Overview of ownership and permissions
Overview of ownership and permissions
Even in a development environment, you want your Magento installation to be secure. To help prevent issues related to unauthorized people or processes doing potentially harmful things to your system, we recommend some guidelines related to file system ownership and permissions.
If you’re using an Magento version 2.0.5 or earlier, see Appendix—Magento file system ownership and appendix (legacy) instead of this topic. In version 2.0.6 and later, Magento does not explicitly set file or directory permissions.
This topic provides some basic information about our ownership and permissions guidelines. For additional information, see:
- Set pre-installation ownership and permissions
- Magento ownership and permissions in development and production
Magento file system owner
We refer to the Magento file system owner as a user who owns and can write to files in the Magento file system.
The Magento file system owner is sometimes referred to as the command-line user.
The Magento file system owner is any of the following:
A single user, which is typical of shared hosting.
Shared hosting providers enable you to log in to the Magento server as one user. This user can log in, transfer files using FTP, and this user also runs the web server.
If you use one Magento user, you have the option of setting a umask to further restrict access, particularly in production.
Users that belong to a shared group, which is typical of private hosting or having your own Magento server.
In this situation, you typically cannot log in to the server as, or switch to, the web server user. Instead, you have separate users:
The web server user, which runs the Magento Admin and storefront.
A command-line user, which is a local user account you can use to log in to the server. This user runs Magento cron jobs and command-line utilities.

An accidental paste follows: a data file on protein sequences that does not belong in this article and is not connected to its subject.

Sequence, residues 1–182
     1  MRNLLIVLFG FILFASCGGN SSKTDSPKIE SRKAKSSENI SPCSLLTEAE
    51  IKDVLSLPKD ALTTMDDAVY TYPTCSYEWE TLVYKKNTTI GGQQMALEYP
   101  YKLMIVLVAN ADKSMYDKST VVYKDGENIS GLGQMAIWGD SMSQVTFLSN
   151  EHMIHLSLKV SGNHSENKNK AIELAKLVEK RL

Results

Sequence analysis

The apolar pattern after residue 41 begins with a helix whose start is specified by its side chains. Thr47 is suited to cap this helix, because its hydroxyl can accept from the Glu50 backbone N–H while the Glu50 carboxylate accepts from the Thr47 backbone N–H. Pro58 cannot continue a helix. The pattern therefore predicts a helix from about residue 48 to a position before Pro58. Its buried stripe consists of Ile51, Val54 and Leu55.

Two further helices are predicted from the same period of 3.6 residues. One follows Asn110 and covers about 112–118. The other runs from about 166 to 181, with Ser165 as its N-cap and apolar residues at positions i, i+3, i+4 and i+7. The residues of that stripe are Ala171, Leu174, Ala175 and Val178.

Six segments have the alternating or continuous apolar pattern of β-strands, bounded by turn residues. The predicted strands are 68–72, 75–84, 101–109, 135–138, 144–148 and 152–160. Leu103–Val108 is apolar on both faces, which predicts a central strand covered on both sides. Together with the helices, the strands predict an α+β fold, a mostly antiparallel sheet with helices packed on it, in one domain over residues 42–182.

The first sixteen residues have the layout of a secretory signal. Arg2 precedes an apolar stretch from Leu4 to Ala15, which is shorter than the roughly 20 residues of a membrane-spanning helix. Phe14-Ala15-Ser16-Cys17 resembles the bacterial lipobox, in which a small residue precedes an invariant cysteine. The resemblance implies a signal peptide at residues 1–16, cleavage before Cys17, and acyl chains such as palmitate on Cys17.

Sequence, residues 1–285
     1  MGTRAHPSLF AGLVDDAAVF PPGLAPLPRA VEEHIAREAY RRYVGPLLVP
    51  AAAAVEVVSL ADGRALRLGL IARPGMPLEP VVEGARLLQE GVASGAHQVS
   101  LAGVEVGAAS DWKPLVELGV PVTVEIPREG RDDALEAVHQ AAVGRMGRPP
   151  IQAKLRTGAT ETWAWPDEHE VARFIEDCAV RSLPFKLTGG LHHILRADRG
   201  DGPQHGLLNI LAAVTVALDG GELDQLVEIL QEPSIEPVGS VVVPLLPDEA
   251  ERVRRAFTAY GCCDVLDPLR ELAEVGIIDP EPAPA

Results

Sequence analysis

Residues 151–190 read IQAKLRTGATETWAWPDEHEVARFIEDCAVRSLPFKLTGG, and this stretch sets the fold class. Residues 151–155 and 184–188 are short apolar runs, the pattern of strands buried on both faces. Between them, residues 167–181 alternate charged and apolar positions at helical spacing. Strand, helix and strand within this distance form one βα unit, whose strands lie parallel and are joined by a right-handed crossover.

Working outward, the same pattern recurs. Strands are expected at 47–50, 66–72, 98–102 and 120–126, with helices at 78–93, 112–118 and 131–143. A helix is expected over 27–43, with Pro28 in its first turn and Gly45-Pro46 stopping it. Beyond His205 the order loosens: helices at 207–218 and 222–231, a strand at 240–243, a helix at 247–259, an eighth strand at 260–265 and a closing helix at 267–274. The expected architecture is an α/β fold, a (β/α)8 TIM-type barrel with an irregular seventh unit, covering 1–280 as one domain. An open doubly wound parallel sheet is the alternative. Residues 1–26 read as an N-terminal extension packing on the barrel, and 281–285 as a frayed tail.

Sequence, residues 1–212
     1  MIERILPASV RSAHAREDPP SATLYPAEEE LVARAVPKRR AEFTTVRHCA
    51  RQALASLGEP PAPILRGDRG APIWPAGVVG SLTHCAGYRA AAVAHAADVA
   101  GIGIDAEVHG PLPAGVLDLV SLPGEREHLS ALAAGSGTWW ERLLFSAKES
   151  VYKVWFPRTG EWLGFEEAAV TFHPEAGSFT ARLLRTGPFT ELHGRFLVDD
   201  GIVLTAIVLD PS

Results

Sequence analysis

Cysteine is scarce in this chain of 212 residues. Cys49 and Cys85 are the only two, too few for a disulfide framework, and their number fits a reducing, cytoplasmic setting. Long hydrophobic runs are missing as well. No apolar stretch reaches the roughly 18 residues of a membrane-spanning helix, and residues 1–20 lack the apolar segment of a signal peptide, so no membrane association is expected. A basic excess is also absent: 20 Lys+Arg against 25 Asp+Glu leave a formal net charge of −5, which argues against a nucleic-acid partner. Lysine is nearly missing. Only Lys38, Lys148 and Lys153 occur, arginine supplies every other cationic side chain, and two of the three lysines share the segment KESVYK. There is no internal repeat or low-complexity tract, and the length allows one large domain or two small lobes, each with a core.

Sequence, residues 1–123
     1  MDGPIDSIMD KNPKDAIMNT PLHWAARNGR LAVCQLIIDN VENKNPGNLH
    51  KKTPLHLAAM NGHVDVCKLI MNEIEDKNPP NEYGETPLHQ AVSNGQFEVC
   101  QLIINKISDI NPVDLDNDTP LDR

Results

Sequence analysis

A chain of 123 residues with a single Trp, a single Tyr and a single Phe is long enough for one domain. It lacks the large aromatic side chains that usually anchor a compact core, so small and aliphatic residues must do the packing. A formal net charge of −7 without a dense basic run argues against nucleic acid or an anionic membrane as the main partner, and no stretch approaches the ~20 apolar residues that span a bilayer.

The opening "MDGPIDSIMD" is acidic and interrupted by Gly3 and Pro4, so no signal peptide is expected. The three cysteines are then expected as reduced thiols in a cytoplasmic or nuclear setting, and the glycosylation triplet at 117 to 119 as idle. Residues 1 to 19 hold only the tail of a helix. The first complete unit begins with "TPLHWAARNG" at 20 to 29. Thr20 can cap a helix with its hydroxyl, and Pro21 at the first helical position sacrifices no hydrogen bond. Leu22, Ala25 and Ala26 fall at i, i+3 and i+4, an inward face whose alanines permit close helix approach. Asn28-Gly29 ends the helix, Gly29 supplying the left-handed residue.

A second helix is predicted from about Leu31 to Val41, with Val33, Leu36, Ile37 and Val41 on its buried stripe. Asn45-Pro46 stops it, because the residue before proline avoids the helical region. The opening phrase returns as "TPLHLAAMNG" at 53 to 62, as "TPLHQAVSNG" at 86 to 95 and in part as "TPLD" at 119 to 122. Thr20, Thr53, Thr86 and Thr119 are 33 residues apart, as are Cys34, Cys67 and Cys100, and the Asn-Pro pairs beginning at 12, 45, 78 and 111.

The web server user and the command-line user might need write permissions to the Magento file system. (The users require write access in developer mode but not in production mode.) You give permissions to both users by way of a shared group to which they both belong.
For private hosting, we recommend you use the default
002umask; otherwise, the group won’t be able to write to the Magento file system.
Before you install the Magento software, see Set pre-installation ownership and permissions.
Restrict access with a umask
To tighten security, particularly in production on a shared hosting system, we provide a flexible to means to restrict access using a umask. A umask—also referred to as a file system creation mask—is a set of bits, each of which restricts how its corresponding permission is set for newly created files.
File system security is complex and extremely important. We strongly recommend you consult an experienced system administrator or network administrator before you decide what permissions to set. We provide a mechanism for you to use but a permissions strategy is up to you.
Magento uses a three-bit mask, by default
002, that you subtract from the UNIX defaults of 666 for files and 777 for directories.
Here’s what that means:
775 for directories, which means full control by the user, full control by the group, and enables everyone to traverse the directory. These permissions are typically required by shared hosting providers.
664 for files, which means writable by the user, writable by the group, and read-only for everyone else.
For more information about
magento_umask, see Optionally set a umask.
Permissions, ownership, and Magento modes
We recommend different permissions and ownership for default mode, developer mode, and production mode.
We discuss these recommendations in Magento ownership and permissions in development and production.